Last Monday I attended a brief with a couple of Virsto executives and I would like to report to you some thoughts about what I learned.
Virsto, is a small (28 employees) well financed startup founded 5 years ago in the Silicon Valley, they develop a software solutions aimed to virtualize storage access to disks adding a huge performance improvement.

At the moment many companies are claiming that they are the inventors of “the true storage hypervisor” but, aside from this marketing strategy, they have something to say.

The problem

Last generation (very powerful) servers are helping to achieve very impressive physical to virtual consolidation ratios. This caused a storage problem because the different workload generated from each VM is mixed up with others on physical storage channels: it generates a phenomenon called I/O blender.

I/O blender effect is a big problem because you have to deal with totally random and different block sizes workloads that could hurt your storage infrastructure. Cache going to be poisoned and become useless and the latencies grow, in some cases the IO waits could also impact seriously on servers CPU usage. When you experience this kind of problem the only way to go, with ordinary arrays, is to buy more disks to spread the IOPS on more spindles. On the other hand buying more mechanical disks (only for the IOPS) bring a poor resource utilization in terms of space while increasing general infrastructure TCO.

The Virsto solution

This Virsto product presents itself as a Virtual Storage Appliace for each physical host delivering virtual disks devices (vDisk) to ESXi or Hyper-V VMs. vDisks, coupled with a logging mechanism, act as IO collectors. These IO collectors catch all the IOs and organize them in large full sequential writes obtaining the maximum throughput (with the minimal effort) from the physical disk arrays!
The idea is good and the implementation seems transparent enough, not to impact the day to day administration tasks too much . Obviously, the Virsto VSA, brings some other capabilities like efficient thin provisioning, pointer based snapshots, automated tiering and so on (all features you can find on many next generation storage arrays, indeed).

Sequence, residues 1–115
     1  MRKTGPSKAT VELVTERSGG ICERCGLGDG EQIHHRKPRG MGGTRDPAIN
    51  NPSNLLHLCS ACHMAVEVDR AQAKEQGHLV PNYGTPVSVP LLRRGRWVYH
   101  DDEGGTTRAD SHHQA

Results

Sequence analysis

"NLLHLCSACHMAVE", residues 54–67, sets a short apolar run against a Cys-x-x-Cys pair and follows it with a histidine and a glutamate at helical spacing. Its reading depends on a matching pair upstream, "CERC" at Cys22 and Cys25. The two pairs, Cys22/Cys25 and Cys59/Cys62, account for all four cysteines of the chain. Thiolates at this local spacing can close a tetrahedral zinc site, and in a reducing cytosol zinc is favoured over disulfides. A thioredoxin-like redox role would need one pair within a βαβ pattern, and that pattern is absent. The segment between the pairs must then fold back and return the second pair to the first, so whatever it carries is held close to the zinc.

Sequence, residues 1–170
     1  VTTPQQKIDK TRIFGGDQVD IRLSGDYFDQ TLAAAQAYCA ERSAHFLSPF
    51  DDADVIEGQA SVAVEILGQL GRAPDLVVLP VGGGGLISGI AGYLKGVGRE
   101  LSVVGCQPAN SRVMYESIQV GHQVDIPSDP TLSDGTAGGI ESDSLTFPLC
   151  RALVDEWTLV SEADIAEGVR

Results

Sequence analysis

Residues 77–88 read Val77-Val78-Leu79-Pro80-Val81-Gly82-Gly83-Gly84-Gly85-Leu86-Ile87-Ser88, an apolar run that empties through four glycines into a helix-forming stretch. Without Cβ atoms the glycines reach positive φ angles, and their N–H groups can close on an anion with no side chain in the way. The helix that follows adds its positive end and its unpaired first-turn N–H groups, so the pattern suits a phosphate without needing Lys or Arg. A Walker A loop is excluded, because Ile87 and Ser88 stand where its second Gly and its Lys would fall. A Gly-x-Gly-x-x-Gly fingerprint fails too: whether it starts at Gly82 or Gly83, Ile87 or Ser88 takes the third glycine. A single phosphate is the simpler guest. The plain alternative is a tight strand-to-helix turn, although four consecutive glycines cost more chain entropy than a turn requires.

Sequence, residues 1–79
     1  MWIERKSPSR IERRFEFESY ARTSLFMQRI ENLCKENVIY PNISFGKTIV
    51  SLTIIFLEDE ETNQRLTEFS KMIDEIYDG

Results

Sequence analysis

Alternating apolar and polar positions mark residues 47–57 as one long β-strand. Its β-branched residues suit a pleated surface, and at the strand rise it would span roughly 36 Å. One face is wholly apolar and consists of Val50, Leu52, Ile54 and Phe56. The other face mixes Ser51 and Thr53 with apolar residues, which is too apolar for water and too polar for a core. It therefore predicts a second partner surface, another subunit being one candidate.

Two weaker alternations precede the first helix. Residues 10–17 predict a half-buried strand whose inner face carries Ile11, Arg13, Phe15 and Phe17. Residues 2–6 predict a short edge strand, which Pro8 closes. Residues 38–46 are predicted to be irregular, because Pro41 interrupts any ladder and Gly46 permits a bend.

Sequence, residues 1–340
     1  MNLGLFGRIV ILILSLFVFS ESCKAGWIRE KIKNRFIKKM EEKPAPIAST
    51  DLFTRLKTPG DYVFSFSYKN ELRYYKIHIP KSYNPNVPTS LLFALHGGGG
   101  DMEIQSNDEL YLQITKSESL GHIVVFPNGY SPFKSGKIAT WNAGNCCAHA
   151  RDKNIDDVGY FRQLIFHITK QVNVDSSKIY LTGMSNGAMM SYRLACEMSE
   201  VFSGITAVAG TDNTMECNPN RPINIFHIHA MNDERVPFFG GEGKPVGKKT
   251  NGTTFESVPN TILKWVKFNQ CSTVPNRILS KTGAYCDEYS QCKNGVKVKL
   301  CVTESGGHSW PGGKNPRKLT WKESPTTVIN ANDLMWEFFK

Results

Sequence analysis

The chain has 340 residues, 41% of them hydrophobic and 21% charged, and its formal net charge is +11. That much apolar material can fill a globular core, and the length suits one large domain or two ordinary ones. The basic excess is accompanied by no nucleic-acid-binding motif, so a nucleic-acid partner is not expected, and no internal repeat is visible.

In terms of resources and performance optimization there is a huge impact from Virsto adoption (they claim up to 10x improvements), especially in very dense environments like VDI (in fact, if I remember well, the first version of the product was released to solve this).

Bottom line

This solution could be a great answer for some infrastructures but I also see some risks in its adoption: the first concern comes from the fact that this is another software layer between storage and the hypervisor and it needs to be maintained and supported. For example, only the next product version will be compatible with vSphere 5 and it will be released in 6 months). my second worry is that this product adds some good features to your storage platform but you can’t use the ones from your array anymore. Moreover, if you buy a next generation array (with some integrated SSDs as cache or tier0) some of the advantages of this product will disappear shortly.